Although this summer's surprise IRS announcement of a one-year delay in penalty enforcement of the employer mandate under the Patient Protection and Affordable Care Act (PPACA or ACA) has been greeted by some employers as welcome news, HUB International cautions against complacency.
"While it may seem like employers have been given a major reprieve, we urge our clients to continue to develop and implement their long-term strategy," said Joe Torella, National Practice Leader, Employee Benefits, HUB International. "Some requirements have been pushed back, but much work remains in order to adequately prepare for 2014 and beyond. There are several provisions that employers can take advantage of to better manage the quality and cost of their employee benefits program," he said.
What is Delayed
The IRS announced a one-year delay for employer penalties associated with health care reform as well as a similar delay for employer reporting requirements regarding employee health plan coverage. These delays effectively mean the employer mandate to provide health insurance coverage to their employees or pay a penalty will not take effect until 2015. The announcement affects employers with 50 or more full-time employees. (Note: Special counting rules apply to measure 50 workers that may unexpectedly draw additional companies under the mandate.)
The delay will give the government time to fine tune enforcement practices once the mandate takes effect. The delay also offers employers more time to understand and comply with the complex reporting requirements, including the controversial "measurement" rules needed to assess full-time employment status. The IRS, DOL and HHS are expected to issue additional guidance.
What is Not Delayed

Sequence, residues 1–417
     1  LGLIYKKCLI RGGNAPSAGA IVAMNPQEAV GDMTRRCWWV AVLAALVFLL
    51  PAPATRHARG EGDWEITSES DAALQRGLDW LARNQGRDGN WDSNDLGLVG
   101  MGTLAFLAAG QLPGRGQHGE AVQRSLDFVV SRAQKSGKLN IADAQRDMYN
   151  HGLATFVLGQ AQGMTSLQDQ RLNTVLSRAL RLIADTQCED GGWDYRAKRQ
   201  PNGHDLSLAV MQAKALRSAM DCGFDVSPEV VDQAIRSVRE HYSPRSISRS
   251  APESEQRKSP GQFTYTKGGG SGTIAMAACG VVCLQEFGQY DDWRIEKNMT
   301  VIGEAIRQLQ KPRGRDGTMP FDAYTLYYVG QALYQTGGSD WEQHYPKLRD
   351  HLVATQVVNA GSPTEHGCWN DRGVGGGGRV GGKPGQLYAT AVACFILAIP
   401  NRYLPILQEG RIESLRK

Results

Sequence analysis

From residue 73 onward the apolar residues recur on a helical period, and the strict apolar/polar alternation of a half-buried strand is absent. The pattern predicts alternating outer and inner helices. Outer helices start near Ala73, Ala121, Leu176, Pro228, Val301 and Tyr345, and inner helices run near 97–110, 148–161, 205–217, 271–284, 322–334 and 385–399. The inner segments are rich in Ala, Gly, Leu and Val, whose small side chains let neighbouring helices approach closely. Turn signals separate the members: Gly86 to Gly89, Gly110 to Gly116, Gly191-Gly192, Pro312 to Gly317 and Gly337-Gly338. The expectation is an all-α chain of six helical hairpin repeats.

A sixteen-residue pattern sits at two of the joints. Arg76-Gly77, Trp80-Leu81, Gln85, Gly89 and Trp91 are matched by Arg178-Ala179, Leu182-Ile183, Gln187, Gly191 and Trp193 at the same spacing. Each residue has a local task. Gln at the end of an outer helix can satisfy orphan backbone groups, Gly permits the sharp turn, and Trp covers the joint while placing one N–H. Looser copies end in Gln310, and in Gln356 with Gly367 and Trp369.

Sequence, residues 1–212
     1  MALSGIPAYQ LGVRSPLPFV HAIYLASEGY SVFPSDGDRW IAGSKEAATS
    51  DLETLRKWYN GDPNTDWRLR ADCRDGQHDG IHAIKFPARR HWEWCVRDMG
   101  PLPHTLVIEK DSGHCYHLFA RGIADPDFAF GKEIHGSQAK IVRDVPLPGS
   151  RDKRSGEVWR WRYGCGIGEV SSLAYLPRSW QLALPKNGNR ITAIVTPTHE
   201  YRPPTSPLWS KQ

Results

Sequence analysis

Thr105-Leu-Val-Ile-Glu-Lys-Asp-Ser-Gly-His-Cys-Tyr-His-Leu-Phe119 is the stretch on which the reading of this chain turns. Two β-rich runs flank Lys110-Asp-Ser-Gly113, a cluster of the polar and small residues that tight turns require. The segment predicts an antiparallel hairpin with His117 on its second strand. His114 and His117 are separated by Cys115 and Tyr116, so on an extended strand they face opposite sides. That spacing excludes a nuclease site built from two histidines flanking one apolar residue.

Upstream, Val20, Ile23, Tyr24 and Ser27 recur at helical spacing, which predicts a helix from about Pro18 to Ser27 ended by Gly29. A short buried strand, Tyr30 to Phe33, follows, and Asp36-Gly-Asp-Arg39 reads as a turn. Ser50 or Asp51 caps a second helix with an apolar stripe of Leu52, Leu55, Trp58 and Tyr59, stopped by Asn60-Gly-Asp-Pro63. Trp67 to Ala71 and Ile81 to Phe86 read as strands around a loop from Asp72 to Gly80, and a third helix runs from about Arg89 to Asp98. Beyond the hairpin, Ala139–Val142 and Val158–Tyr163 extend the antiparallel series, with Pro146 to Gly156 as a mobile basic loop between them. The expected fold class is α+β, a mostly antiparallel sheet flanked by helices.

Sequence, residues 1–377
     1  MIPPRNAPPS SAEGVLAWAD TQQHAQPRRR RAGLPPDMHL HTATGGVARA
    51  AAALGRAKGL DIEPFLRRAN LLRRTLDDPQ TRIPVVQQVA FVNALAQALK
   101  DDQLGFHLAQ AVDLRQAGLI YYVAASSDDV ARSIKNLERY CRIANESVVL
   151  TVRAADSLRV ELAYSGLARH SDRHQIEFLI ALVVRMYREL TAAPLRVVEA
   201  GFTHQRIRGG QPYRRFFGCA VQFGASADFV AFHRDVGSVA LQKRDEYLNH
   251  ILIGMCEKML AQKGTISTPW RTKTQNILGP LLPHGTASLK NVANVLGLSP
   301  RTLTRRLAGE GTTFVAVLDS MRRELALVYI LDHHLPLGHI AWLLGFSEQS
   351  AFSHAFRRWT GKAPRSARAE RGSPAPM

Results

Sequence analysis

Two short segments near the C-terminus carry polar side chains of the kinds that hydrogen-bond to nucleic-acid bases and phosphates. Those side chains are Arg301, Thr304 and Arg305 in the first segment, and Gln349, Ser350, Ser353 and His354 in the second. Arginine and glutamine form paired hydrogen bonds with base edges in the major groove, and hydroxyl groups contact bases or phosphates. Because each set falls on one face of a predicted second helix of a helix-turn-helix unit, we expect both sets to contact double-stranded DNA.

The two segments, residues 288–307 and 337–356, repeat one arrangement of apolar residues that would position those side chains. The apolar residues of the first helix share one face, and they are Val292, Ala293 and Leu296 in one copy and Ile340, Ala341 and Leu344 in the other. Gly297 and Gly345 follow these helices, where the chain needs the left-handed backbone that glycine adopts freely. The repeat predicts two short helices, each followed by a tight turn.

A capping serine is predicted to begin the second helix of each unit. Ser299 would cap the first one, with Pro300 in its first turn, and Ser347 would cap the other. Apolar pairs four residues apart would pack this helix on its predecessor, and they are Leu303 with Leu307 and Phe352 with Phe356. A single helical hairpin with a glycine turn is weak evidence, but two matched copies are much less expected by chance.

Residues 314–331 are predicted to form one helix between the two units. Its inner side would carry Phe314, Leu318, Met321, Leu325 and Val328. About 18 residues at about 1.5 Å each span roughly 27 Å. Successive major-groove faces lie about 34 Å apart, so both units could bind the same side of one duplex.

Most ACA provisions are moving forward as scheduled for 2014, including the individual mandate, , health insurance carrier regulation (which dramatically affects rate calculation, especially for smaller employers), Exchange notifications, wellness rules, preventive benefit coverage, numerous plan design changes and online exchanges.
Be prepared for 2014 changes
What are the crucial next steps to prepare for 2014? According to Dennis Fiszer, Chief Compliance Officer, Eastern Region, HUB International, establishing a reporting mechanism in preparation for 2015 should be at the top of the priority list for most employers.
"When it comes to tracking hours worked, it's important to get precision around collecting your data," he said. "Preparing systems to track hours as soon as possible helps an employer achieve two results. First, the employer sharpens its ability to project costs associated with coverage once the mandate goes into effect. Secondly, it will establish a stronger paper trail documenting full-time, part-time, variable-hour or seasonal status. The more substantial and precise the paper trail, the easier it will be to show that no employee was arbitrarily shifted into an inappropriate category so as to side-step a compliance obligation."
In addition, HUB International recommends that employers understand and prepare for the following:
- Expect to see rate compression in full effect by 2014. Small businesses with younger, healthier workforces will likely see an increase in their premiums. Industries with generally healthier employees will no longer receive premium discounts.
- Understand that comprehensive elimination of pre-existing conditions will impact pricing on fully insured plans. Insurers are concerned and will adjust their rates accordingly.
- Continue building and enhancing your company wellness program with a view to moving toward an outcomes-based model, if you are not already doing so; take advantage of the financial incentives defined in the law - thus aligning employee engagement with those incentives.
- Consider self- insurance as an alternative to fully-insured plans. Even smaller employers may be able to manage their program costs more effectively under this strategy.
- Be prepared to make ongoing plan design changes.
"The ACA has not been repealed and we consider that scenario to be highly unlikely," said Fiszer. "If your broker is telling you to relax and take a break as a result of this announcement, I would suggest that you have the wrong broker. You need to continue down the path of preparation and planning."